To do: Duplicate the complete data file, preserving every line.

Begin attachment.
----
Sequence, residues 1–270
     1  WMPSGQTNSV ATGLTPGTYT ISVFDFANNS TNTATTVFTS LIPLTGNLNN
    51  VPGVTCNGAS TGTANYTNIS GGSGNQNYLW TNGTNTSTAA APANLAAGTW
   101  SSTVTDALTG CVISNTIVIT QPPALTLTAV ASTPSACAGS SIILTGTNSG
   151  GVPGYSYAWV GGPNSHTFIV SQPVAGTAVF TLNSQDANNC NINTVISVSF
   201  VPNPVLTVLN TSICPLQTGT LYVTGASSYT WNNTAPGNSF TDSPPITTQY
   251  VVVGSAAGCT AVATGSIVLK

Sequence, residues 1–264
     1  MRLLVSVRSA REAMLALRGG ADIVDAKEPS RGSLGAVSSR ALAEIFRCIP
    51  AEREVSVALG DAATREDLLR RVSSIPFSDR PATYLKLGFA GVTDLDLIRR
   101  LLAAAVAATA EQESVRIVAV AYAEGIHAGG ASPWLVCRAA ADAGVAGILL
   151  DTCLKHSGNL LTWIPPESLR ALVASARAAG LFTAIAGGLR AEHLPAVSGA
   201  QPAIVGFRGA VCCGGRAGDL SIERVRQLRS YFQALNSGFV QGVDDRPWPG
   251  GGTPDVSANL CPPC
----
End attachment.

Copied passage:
Sequence, residues 1–270
     1  WMPSGQTNSV ATGLTPGTYT ISVFDFANNS TNTATTVFTS LIPLTGNLNN
    51  VPGVTCNGAS TGTANYTNIS GGSGNQNYLW TNGTNTSTAA APANLAAGTW
   101  SSTVTDALTG CVISNTIVIT QPPALTLTAV ASTPSACAGS SIILTGTNSG
   151  GVPGYSYAWV GGPNSHTFIV SQPVAGTAVF TLNSQDANNC NINTVISVSF
   201  VPNPVLTVLN TSICPLQTGT LYVTGASSYT WNNTAPGNSF TDSPPITTQY
   251  VVVGSAAGCT AVATGSIVLK

Sequence, residues 1–264
     1  MRLLVSVRSA REAMLALRGG ADIVDAKEPS RGSLGAVSSR ALAEIFRCIP
    51  AEREVSVALG DAATREDLLR RVSSIPFSDR PATYLKLGFA GVTDLDLIRR
   101  LLAAAVAATA EQESVRIVAV AYAEGIHAGG ASPWLVCRAA ADAGVAGILL
   151  DTCLKHSGNL LTWIPPESLR ALVASARAAG LFTAIAGGLR AEHLPAVSGA
   201  QPAIVGFRGA VCCGGRAGDL SIERVRQLRS YFQALNSGFV QGVDDRPWPG
   251  GGTPDVSANL CPPC